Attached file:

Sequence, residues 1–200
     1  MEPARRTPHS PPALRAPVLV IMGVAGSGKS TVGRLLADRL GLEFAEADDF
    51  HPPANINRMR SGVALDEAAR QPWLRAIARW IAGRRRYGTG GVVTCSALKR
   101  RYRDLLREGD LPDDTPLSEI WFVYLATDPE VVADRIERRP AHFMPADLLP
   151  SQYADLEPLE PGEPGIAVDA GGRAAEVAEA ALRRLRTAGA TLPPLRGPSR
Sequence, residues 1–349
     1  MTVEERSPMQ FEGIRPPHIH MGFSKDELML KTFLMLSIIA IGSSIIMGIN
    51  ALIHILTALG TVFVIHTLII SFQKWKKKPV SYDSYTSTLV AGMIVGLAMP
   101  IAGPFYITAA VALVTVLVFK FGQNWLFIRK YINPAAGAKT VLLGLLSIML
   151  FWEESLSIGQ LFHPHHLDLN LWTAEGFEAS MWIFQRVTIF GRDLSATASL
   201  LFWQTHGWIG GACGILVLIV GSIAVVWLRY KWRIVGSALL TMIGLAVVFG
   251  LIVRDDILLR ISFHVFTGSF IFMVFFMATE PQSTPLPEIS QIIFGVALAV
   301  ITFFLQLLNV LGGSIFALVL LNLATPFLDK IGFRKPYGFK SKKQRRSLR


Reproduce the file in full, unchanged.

Sequence, residues 1–200
     1  MEPARRTPHS PPALRAPVLV IMGVAGSGKS TVGRLLADRL GLEFAEADDF
    51  HPPANINRMR SGVALDEAAR QPWLRAIARW IAGRRRYGTG GVVTCSALKR
   101  RYRDLLREGD LPDDTPLSEI WFVYLATDPE VVADRIERRP AHFMPADLLP
   151  SQYADLEPLE PGEPGIAVDA GGRAAEVAEA ALRRLRTAGA TLPPLRGPSR
Sequence, residues 1–349
     1  MTVEERSPMQ FEGIRPPHIH MGFSKDELML KTFLMLSIIA IGSSIIMGIN
    51  ALIHILTALG TVFVIHTLII SFQKWKKKPV SYDSYTSTLV AGMIVGLAMP
   101  IAGPFYITAA VALVTVLVFK FGQNWLFIRK YINPAAGAKT VLLGLLSIML
   151  FWEESLSIGQ LFHPHHLDLN LWTAEGFEAS MWIFQRVTIF GRDLSATASL
   201  LFWQTHGWIG GACGILVLIV GSIAVVWLRY KWRIVGSALL TMIGLAVVFG
   251  LIVRDDILLR ISFHVFTGSF IFMVFFMATE PQSTPLPEIS QIIFGVALAV
   301  ITFFLQLLNV LGGSIFALVL LNLATPFLDK IGFRKPYGFK SKKQRRSLR